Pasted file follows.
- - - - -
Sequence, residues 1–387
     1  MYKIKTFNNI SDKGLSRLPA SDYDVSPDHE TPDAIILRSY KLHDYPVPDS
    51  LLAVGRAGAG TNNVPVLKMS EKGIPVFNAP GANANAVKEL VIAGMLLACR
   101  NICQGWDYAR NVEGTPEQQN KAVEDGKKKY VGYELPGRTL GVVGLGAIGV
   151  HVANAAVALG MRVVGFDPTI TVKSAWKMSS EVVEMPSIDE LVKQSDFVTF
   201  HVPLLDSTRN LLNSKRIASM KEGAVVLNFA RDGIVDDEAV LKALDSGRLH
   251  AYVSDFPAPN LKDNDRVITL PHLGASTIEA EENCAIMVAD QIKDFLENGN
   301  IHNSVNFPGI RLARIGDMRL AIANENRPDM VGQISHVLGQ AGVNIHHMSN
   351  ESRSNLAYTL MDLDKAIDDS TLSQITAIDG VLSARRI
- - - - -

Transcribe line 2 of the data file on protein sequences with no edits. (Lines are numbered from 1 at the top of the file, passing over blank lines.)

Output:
     1  MYKIKTFNNI SDKGLSRLPA SDYDVSPDHE TPDAIILRSY KLHDYPVPDS